What is a tourism board’s role in this situation? Promoting differences in nearby cities and attractions remains a challenge and strength of the organization as Niagara Falls, Canada struggles with its tourism funding. “We have to wipe away those geopolitical boundaries and work outside of those,” said Percy. “We have to work inside those within our communities but on the consumer site they don’t care about the geopolitical boundaries and we have to give the consumer what they want.”
Visit Jacksonville, like many tourism boards, negotiates its contract with local authorities and is currently in the process for this year. “This year our tourism development council is actually thinking about separating our bid into three different components,” said Jimenez.
“That means that we would have three different contracts — one to manage visitor centers, one to manage convention sales and one to manage marketing. We’ve been one entity for 20 years but imagine what three could do?” she said.
Visit Florida’s Case: An Outlet to the World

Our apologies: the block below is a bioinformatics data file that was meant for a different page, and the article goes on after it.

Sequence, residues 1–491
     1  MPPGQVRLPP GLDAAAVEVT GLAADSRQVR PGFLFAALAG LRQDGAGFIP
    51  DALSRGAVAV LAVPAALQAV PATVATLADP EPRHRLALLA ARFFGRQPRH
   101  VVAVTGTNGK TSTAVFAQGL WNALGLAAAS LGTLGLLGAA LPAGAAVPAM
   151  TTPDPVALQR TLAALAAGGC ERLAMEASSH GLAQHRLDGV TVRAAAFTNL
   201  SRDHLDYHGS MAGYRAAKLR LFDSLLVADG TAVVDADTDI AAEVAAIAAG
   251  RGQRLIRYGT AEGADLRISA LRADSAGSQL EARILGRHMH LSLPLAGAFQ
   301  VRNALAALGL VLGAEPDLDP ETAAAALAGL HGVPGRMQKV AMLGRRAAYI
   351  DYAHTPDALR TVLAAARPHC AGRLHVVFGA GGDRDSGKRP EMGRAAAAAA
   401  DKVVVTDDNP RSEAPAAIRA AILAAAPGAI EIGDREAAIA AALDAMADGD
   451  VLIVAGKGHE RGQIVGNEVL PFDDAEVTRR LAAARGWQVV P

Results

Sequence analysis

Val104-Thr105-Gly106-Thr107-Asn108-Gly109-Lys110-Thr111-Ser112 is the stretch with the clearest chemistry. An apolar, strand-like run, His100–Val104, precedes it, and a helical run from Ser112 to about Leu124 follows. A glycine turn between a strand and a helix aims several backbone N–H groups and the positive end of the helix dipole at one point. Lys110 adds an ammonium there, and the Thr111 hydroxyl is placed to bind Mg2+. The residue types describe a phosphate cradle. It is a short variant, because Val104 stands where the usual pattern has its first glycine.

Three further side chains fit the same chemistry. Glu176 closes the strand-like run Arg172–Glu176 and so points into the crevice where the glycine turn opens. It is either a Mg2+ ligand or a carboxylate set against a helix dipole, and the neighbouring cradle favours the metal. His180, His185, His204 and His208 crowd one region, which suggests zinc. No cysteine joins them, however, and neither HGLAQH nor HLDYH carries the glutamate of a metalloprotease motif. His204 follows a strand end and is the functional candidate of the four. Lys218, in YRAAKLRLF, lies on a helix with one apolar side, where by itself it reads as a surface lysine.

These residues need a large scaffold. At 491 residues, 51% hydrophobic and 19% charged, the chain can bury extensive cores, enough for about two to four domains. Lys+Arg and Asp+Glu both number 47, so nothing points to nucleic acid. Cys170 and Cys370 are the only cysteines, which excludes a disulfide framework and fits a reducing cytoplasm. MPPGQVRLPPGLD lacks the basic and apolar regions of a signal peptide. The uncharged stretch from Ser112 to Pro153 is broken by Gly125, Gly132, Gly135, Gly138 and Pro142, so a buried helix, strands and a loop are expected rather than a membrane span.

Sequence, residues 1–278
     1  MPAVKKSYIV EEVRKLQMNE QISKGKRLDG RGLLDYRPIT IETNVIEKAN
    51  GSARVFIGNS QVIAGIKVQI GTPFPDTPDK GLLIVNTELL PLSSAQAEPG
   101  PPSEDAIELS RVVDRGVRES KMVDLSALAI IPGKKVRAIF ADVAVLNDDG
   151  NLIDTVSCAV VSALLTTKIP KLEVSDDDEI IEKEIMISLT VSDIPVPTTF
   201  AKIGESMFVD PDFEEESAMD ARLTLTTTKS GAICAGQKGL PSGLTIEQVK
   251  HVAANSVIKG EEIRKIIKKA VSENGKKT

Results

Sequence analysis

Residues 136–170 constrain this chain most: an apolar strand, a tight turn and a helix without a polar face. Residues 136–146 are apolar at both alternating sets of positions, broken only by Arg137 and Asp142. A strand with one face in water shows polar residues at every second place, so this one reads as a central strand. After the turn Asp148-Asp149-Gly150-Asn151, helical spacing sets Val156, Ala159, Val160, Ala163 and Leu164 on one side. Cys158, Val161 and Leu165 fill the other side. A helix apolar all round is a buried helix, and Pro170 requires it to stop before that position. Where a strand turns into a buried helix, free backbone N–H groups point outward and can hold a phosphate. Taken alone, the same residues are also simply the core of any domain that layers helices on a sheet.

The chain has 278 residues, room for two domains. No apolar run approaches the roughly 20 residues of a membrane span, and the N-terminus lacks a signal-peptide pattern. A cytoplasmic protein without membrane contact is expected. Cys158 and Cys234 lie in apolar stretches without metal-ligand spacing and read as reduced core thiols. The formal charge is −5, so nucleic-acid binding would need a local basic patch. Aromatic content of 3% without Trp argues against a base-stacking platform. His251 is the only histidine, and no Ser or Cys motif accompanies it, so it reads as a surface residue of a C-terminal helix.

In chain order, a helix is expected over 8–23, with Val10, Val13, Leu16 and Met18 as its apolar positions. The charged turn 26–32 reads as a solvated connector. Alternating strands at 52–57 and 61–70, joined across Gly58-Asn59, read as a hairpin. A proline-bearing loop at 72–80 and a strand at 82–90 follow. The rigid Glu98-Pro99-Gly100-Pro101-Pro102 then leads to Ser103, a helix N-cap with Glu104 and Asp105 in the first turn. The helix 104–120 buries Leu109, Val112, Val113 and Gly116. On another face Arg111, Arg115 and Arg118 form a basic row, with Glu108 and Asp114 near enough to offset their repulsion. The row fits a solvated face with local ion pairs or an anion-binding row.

Country, regional or state tourism boards generally act as larger-scale mouthpieces for their smaller cities and destinations.
In Florida, smaller or lesser known destination marketing organizations such as Visit Jacksonville said they couldn’t compete with more popular destinations if Visit Florida disappeared.
“Because of Visit Florida, we’re not competitors with other destinations in Florida,” said Jimenez for Visit Jacksonville. “I know all the PR reps at Visit Florida and we work together to tell people to visit Miami but then go here. We work together as destination marketing organizations to make sure it’s a regional experience as opposed to just one destination.”